Dr. Gautam Shroff
VP & Chief Scientist, TCS Innovation Labs
The term ‘big data‘ has generated a lot of attention in the past eighteen months or so, to the point that it has been overused and oversold at times. Clearly a candidate for the peak of the ‘hype cycle’. Many people ask me whether their data is ‘big enough’ to qualify as ‘big data’. Are petabytes a must or will terabytes or even gigabytes qualify?
I tell them that this is the wrong question to ask. Two different examples serve to illustrate: First, consider basic census data about all 7 billion people; is this ‘big’? Well, with minimal effort it will fit in memory on most high-end servers. So is it big? No? Well, try loading it into a traditional database – I bet it takes at more than a day to merely get in. Oh, so it is big after all …. Well, not so fast. A C program can process all this data and calculate say, the median age for each gender that runs in minutes. So its not big ..?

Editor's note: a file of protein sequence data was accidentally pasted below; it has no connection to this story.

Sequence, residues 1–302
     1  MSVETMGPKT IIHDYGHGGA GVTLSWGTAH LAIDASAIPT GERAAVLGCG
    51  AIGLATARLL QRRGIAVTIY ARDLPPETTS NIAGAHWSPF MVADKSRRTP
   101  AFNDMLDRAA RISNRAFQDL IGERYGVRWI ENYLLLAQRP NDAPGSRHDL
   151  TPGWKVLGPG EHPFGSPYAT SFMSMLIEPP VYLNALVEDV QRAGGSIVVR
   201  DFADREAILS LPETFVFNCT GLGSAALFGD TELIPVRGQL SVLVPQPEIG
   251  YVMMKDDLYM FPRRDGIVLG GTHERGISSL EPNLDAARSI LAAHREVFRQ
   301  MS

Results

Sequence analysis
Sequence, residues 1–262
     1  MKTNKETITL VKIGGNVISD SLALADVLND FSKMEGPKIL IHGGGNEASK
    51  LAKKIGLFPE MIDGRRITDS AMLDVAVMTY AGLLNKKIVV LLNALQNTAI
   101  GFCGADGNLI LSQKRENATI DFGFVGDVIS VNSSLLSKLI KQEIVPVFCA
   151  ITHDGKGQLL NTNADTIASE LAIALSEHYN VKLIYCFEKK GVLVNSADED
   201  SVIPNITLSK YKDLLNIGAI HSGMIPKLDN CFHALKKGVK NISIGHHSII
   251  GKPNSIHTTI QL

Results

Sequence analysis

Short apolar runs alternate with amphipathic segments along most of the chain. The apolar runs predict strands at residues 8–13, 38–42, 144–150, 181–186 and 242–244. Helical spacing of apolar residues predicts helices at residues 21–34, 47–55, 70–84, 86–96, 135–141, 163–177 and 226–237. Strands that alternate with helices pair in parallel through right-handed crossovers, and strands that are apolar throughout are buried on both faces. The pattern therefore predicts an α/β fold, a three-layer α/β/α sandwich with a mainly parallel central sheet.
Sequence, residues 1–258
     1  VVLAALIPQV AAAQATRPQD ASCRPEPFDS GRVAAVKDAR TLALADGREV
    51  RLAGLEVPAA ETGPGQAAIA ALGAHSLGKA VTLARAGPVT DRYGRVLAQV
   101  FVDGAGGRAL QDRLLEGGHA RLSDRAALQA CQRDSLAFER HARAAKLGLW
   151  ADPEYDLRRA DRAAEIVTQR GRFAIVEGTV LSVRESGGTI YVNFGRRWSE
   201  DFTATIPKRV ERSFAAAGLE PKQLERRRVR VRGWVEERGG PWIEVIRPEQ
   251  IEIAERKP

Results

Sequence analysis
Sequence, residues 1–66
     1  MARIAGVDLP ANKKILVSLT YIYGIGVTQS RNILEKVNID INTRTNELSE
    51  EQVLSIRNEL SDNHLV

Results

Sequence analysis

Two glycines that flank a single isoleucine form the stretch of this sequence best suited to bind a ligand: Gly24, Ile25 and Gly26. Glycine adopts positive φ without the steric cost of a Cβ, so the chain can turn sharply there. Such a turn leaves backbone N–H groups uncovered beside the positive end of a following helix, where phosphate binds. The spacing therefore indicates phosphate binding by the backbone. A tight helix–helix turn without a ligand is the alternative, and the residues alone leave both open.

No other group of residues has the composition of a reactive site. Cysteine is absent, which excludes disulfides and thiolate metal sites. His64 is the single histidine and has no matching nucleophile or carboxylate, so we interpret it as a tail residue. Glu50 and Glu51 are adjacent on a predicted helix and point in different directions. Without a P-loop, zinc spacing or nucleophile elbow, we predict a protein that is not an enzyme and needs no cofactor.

Second example: Think of a few hundred individuals along with a small sample of their genetic information, which might be a few hundred thousand features per person. Big? Not in size – a few dozen megabytes at best. But try to slice and dice this data using a traditional OLAP tool. Many lifetimes are not enough to view all slices.
Lessons? First, traditional technology makes small amounts of data appear big for no reason. So new technology is needed. Second, even small data sets that are ‘wide’ appear big when it comes to analysis. So statistics, machine learning and data mining must be used rather than traditional slice and dice.
Big data is about counting, not queries. Also having ‘wide’ data, rather than lots of data, make for a ‘big data’ problem.